When I was seriously considering leaving the priesthood, I requested and received permission to go on a four month sabbatical. Thanks to a consortium of seminaries where I studied, I was able to register at the Catholic seminary and take all my classes in the seminary of another denomination. During this time, I contacted the other denomination to inquire what the process would be to transition into ordained ministry there.
The requirements are fairly standard for anyone transitioning from the priesthood into ordained ministry in another Christian denomination They are: an academic year of education at a seminary of your choice, membership in a church for a year (which can begin with your education), an internship (salaried), and approval to be placed on the clergy roster. Because they recognized my Roman Catholic ordination, I didn't have to be re-ordained. There is a fair amount of paperwork, a required psychological evaluation, and a few interviews with the Candidacy Committee. I also needed a letter from my previous employer, in this case, my Catholic bishop, which I postponed requesting until after leaving the priesthood.
After receiving a favorable evaluation from my internship, I completed my final interview with the Candidacy Committee and was approved for ordained ministry. I interviewed in a congregation, negotiated the Call package and began work. After a few years, I completed mobility papers and requested to move to another area of the country. We interviewed in another congregation, negotiated the Call package and began ministry there.
In the Call process, the Bishop’s office shuffles paperwork to congregations seeking pastors, but the congregation is the hiring agent. The Bishop's office has salary guidelines and all full time pastors participate in health insurance and retirement programs, which the congregation pays. However, all this needs to be negotiated. In this process, I welcomed the freedom to make my own decisions regarding the geographical area of the country to live and work. Of course, now my wife and I make these decisions together.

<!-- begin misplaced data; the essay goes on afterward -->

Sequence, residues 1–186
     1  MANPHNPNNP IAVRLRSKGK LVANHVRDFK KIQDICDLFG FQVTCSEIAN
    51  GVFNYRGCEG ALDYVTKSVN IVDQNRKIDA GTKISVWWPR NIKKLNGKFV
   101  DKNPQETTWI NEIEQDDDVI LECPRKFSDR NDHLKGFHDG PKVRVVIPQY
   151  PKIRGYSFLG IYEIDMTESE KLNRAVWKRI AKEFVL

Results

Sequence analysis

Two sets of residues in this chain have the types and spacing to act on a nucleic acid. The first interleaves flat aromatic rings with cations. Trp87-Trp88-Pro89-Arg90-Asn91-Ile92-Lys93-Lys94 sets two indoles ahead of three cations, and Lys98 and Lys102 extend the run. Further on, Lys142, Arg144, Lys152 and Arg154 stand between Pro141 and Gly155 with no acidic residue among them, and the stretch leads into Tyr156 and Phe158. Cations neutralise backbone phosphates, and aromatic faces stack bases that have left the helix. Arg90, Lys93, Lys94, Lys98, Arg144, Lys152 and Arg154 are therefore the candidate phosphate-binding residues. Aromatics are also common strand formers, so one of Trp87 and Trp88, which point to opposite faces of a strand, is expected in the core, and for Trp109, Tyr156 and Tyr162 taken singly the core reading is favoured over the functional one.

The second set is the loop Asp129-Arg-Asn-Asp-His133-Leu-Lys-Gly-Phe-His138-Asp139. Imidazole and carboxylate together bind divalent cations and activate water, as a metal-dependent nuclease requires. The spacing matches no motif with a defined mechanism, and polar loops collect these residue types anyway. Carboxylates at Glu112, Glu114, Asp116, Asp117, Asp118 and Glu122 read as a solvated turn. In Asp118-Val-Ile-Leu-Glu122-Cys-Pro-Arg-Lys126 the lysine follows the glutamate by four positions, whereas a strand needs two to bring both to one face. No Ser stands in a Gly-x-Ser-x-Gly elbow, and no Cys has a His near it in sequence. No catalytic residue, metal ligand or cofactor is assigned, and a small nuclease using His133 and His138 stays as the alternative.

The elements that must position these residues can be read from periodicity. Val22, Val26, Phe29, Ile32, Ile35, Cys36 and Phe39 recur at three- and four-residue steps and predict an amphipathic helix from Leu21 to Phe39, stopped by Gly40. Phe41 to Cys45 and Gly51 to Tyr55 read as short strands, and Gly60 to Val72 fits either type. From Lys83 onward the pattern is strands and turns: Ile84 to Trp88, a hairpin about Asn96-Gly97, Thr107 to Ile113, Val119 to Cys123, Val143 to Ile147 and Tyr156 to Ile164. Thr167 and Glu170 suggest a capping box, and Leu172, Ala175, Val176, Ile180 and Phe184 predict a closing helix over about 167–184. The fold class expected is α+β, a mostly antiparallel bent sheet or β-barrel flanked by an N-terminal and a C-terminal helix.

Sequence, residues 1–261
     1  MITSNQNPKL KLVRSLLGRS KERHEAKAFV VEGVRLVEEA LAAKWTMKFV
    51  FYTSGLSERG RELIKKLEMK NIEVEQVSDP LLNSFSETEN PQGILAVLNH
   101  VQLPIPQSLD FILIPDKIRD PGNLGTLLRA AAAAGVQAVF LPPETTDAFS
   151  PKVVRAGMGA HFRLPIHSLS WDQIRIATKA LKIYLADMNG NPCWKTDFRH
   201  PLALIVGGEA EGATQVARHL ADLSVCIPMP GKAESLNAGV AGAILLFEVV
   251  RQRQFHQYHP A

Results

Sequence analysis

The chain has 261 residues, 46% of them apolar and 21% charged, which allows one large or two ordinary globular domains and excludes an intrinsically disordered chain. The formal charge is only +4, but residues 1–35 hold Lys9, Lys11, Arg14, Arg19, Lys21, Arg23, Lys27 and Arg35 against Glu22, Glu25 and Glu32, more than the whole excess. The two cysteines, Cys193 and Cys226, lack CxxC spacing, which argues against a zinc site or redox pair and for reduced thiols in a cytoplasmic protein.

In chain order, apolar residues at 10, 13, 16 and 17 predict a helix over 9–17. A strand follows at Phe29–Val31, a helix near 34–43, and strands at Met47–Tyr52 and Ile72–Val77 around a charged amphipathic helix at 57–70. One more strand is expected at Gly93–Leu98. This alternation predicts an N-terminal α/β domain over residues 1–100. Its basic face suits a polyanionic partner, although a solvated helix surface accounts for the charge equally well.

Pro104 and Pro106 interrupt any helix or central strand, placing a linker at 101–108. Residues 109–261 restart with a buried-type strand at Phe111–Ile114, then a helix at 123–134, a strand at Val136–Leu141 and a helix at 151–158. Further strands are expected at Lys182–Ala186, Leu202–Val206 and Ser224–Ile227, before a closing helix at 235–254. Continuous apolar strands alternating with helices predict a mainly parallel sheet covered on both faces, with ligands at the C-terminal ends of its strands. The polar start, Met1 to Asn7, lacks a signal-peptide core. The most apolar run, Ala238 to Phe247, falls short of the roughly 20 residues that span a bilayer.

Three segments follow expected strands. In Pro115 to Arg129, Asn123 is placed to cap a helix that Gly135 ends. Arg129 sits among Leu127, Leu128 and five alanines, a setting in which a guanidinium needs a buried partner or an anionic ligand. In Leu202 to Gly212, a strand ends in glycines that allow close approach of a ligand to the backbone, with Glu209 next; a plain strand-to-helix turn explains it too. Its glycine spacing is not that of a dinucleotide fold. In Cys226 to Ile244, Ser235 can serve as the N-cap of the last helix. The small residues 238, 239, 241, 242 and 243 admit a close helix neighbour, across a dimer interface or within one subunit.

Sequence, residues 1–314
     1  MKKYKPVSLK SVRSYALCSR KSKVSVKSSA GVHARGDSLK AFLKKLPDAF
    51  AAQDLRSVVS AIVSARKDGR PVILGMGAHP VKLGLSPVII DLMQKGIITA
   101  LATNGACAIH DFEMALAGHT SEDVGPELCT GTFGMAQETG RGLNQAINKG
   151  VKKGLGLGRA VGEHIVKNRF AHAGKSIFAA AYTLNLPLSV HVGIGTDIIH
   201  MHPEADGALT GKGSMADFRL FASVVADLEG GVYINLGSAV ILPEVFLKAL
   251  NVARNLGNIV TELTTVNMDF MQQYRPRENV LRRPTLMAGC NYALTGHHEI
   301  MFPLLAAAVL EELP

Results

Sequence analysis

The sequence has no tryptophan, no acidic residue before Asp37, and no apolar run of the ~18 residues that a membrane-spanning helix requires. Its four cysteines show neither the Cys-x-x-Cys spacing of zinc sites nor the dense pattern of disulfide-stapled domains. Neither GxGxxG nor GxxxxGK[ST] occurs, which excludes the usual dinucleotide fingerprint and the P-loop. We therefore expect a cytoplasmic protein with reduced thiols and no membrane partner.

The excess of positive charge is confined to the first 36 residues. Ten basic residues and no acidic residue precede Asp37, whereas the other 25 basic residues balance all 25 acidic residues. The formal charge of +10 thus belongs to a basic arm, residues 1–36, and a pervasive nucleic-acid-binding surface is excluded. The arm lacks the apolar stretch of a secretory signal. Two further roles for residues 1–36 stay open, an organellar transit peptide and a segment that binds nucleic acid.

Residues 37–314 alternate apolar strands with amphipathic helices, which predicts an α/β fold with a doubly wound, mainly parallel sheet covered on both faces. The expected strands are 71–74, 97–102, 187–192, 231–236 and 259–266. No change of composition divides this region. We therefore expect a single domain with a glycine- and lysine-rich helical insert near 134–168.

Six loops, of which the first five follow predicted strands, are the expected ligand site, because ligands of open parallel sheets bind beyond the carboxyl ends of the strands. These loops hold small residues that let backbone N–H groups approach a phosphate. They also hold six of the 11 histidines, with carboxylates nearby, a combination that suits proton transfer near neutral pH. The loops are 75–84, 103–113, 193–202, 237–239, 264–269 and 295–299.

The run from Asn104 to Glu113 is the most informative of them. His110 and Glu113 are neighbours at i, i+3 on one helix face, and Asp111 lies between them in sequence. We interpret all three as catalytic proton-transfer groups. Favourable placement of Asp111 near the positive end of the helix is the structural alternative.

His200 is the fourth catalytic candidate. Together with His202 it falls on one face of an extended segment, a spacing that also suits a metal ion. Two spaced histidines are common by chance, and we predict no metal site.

During this transition, I was without a pay check for only the nine months of education. Although this transition was fairly “seamless”, it didn’t seem so at the time. I wasn’t sure of acceptance in this denomination until it occurred about two years after leaving the priesthood. I felt fear of what the future would hold, but also sensed God’s guidance. I was angry at the Catholic Church for making this whole transition necessary. Because of my incessant need to please, I regretted disappointing Catholic friends and parishioners when I left. I loved them and was sorry to leave. Most whom I have run across since leaving see little redeeming value in Catholicism, especially since the latest eruption of the clergy sex abuse crisis.
By the time I left the sabbatical, I had been accepted as a candidate for ordained ministry in this denomination, but had several more steps to go before final acceptance. During my sabbatical, I also connected with Corpus, which was a great blessing. They had monthly meetings that enabled me to network with other transitioned priests. It was a joy to participate in their meetings and I will always be grateful for them. Through Corpus, I found two counselors and met with them regularly during the sabbatical. They were a transitioned priest and sister who were married and had a practice in the area. It was during this time that I finalized my decision to leave the priesthood. The peace and joy I found in my decision was euphoric. What a sense of freedom!
After returning to my parish, I found it sad to look out over the congregation realizing I would be leaving in a few weeks. Rather than discuss my leaving the priesthood, I told them I was going to go back on sabbatical, which was partially true, because I was returning for education. Although many of them would have supported my decision to leave, I was in no condition to receive the shaming scorn of the conservatives. Besides, I still wasn’t sure what my future would hold.
Discussions with my bishop went as well as could be expected. He agreed to pay my salary for three months and my medical insurance for one year, which I think is pretty much standard policy in other dioceses when priests resign. Later, I settled with my diocese regarding my retirement. After fifteen years of service in the priesthood, I received a lump sum payment equal to about a year and a half of retirement contributions made by my congregation in this denomination. However, unlike many other dioceses, I was vested after ten years of ministry.